‘The Good News about Bad Behavior’ author to speak at CARE Parenting Conference

By Gina Joseph Updated 

Katherine Reynolds-Lewis

Katherine Reynolds-Lewis, journalist and author of “Good News about Bad Behavoir” is the keynote speaker for 24th annual CARE of Southeastern Michigan’s Parenting Conference, March 23 at MISD. KATHERINE REYNOLDS-LEWIS/PHOTO BY SUZ REDFEAM

CARE of Southeastern Michigan’s Parenting Conference at Macomb Intermediate School District is something parents not only look forward to but count on every year.

This year’s conference, March 23, from 8 a.m. to 3:30 p.m., is said to top them all with more than 20 interactive and educational workshops that cover everything from bullying, healthy cooking and emotional, physical and financial wellness to a discussion on indecorous children by keynote speaker Katherine Reynolds-Lewis, journalist and author of “The Good News about Bad Behavior.”

“I believe we have put together the strongest program in the (conference’s) history. Starting with Katherine as our keynote speaker to all of the breakout sessions, we design the program to provide parents, children, caregivers, educators and grandparents the tools and skills to make life better for families,” said Monique Stanton, president and CEO of CARE of SEM. Reynolds-Lewis has profound insight on parenting and issues facing both parents and children in today’s modern, connected world, gained through her experience as a journalist covering education and parenting, and five years of research.

Why are kids today so out of control?

Why do so many kids suffer from anxiety?

These are a few of the questions that set her on a path of discovery that led to her book and an in-depth article on school discipline for Mother Jones that boasted 6 million readers.

During the conference Reynolds-Lewis will look at some of the root causes of children’s behaviors such as:

The Good News about Bad Behavior

• Lack of free play — Kids are not being allowed to play by themselves without adult supervision. Reynolds-Lewis said it’s during these times, be it outside or at home, that children learn life skills such like how to get along and cope with disappointment (like not being picked first for a game) or how to win and lose graciously. Parents need to stop hovering, even if it means a bump or bruise, now and then, for the sake of learning. “There’s a definite connection to anxiety and never having a setback,” Reynolds-Lewis said. “We so often jump in to keep our kids from getting hurt or making a mistake, we stop them from learning.”

If they’ve never fallen down, or never had a fight at an early age, how can we expect them to deal with it, later?

• Growth in social media and technology — Instead of figuring out for themselves, what they like or dislike, kids are looking to social media for answers on what’s popular or trendy. This disables their ability to discover themselves and what makes them happy.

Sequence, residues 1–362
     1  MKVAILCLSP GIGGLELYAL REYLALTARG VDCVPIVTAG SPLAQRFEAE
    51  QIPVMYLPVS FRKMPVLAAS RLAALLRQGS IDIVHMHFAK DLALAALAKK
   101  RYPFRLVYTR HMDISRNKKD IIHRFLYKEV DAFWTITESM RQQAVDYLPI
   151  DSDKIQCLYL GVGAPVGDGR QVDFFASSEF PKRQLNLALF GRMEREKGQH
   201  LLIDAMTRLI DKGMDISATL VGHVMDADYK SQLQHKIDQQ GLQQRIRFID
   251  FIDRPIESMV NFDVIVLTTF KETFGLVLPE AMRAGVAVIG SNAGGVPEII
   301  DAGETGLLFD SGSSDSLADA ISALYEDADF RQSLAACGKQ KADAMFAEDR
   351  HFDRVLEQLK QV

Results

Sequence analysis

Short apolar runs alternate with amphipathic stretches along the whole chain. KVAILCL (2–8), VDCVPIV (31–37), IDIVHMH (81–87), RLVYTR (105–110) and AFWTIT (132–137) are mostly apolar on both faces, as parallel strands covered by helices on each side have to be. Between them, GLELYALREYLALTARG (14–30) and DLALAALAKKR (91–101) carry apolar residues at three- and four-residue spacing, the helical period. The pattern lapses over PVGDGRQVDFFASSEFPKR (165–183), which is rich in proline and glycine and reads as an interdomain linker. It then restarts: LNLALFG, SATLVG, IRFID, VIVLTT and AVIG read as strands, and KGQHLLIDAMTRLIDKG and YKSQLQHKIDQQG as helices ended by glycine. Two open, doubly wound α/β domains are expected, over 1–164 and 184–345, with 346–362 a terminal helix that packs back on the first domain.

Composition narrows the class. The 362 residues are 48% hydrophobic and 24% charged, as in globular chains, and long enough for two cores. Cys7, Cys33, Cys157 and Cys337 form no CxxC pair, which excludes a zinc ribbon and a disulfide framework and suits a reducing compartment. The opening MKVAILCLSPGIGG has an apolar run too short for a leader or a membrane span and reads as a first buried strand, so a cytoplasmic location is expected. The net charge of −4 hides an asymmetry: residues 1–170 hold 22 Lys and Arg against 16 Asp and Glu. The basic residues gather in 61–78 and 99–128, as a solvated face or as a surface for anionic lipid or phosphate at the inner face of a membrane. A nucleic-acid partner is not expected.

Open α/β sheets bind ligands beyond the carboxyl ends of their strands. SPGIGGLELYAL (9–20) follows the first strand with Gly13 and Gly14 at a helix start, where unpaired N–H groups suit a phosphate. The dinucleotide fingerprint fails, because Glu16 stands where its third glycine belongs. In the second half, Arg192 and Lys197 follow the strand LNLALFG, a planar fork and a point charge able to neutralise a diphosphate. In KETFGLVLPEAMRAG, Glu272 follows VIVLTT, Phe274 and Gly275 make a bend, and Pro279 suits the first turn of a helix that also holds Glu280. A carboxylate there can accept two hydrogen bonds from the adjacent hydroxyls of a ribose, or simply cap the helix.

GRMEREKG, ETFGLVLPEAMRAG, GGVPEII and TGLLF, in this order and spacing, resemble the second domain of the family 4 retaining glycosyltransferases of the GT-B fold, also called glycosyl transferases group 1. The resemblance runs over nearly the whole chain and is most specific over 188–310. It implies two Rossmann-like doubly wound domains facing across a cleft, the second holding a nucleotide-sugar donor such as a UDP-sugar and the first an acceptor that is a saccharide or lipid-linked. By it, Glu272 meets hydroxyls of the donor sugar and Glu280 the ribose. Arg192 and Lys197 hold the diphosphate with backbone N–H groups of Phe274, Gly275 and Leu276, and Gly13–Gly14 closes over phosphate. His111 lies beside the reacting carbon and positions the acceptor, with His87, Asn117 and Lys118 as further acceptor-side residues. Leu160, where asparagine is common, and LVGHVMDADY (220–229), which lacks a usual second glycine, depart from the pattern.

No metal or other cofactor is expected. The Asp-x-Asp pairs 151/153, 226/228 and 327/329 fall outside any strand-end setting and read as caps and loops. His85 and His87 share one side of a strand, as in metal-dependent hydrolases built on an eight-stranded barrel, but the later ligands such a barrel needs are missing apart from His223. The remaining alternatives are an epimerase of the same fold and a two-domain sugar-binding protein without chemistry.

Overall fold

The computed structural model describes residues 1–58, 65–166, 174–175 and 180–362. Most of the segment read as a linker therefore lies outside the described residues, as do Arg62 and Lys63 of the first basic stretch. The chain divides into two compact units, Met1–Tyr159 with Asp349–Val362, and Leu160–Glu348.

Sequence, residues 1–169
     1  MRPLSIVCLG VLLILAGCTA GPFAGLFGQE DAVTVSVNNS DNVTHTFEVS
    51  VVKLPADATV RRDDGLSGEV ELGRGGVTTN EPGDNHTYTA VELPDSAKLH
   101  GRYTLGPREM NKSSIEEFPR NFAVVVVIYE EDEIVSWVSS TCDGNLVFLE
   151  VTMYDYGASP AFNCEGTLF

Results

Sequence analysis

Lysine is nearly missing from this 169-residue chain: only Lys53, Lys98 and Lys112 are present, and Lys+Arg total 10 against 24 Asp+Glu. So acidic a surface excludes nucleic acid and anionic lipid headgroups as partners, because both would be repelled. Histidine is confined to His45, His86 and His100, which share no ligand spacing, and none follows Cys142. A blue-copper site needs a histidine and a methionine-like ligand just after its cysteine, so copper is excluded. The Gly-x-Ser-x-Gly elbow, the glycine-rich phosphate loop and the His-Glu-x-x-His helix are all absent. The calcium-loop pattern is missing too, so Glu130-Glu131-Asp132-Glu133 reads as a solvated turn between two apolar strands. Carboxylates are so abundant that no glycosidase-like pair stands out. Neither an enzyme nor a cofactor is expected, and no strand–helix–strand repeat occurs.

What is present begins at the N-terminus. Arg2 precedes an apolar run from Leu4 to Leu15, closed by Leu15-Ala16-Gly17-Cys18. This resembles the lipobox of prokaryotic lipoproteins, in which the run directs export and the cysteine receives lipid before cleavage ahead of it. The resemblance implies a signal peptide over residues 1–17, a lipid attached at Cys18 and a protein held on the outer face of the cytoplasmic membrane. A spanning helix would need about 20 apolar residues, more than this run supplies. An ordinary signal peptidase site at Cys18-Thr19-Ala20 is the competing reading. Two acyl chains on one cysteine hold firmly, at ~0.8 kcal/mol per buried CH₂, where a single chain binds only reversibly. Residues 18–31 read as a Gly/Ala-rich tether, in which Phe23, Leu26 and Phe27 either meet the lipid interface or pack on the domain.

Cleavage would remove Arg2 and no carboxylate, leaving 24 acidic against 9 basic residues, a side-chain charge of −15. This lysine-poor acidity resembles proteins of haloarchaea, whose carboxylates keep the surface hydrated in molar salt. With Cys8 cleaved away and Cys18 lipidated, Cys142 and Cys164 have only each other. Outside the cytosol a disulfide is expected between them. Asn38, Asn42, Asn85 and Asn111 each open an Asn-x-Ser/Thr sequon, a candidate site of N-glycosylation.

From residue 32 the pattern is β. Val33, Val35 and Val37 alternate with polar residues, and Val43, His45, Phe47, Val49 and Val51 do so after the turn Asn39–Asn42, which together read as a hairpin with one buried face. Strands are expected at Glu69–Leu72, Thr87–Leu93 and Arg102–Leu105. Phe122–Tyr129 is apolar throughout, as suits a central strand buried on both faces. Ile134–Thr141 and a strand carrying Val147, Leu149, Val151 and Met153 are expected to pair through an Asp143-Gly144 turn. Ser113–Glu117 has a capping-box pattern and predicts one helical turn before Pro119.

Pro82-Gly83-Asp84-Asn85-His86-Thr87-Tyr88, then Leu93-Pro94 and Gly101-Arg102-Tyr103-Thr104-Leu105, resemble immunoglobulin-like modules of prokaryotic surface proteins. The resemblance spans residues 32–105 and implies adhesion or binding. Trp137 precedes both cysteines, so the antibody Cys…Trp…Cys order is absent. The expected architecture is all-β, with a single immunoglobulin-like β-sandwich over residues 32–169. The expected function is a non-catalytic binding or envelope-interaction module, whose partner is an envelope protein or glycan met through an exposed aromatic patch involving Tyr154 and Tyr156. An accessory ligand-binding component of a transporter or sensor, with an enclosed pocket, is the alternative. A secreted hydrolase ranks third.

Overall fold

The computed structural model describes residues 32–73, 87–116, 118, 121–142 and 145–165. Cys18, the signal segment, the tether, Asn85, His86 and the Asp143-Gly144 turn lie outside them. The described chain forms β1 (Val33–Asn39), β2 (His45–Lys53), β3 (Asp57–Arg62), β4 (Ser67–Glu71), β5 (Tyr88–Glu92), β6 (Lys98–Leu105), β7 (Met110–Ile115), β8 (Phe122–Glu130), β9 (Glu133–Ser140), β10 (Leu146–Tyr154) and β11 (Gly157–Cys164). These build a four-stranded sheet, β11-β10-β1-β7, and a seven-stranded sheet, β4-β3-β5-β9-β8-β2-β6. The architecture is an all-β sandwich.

• Childhood has become about perfection and achievement — Instead of encouraging children to contribute or show them how their actions impact others, we’re asking them to be academic or mathematic superstars. Whatever happened to encouraging children to volunteer their time to others, like mowing the grass for an elderly neighbor or helping a teacher with chores during recess or after school? These are things that will contribute to a child’s self-worth.

Parents will also learn how they can fix many of these issues through communication and giving children space to develop their own capabilities and self-confidence.

“It’s very normal for kids to bite, kick and scream,” Reynolds-Lewis said. “However, if we as adults overreact and make them ashamed they won’t learn anything.”

Instead, parents need to teach their children how to build their skills so they can get better at their emotional response to situations that upset them.

“If there is one thing I hope parents will take away it’s a new perspective on bad behavior and more confidence in addressing it,” said Reynolds-Lewis, during a phone interview from her home in Maryland.

FYI

The presentation by Reynolds-Lewis is followed by numerous breakout sessions that provide parents with even more information and tips.

“With all of the distractions we have today it is so important for parents and children to be able to connect, and we feel our parenting conference goes a long way in helping accomplish that goal,” Stanton said.

The event is open to the public and guests will have the option of choosing from 20 different workshop topics.

To view the full list visit Careofsem.com/events/parenting-conference/.

Tickets are $40, which includes a continental breakfast, lunch, keynote presentation and choice of workshops.

To register online visit careofsem.com or call CARE at 5686-541-2273. The Macomb Intermediate School District Conference Center is at 44001 Garfield Road, between 19 Mile and Hall Roads in Clinton Township.

This article was written for the Macomb Daily and was originally posted here. For more information about how Marx Layne & Company can elevate your brand, please visit our expertise page here.

2019-03-07T16:17:02+00:00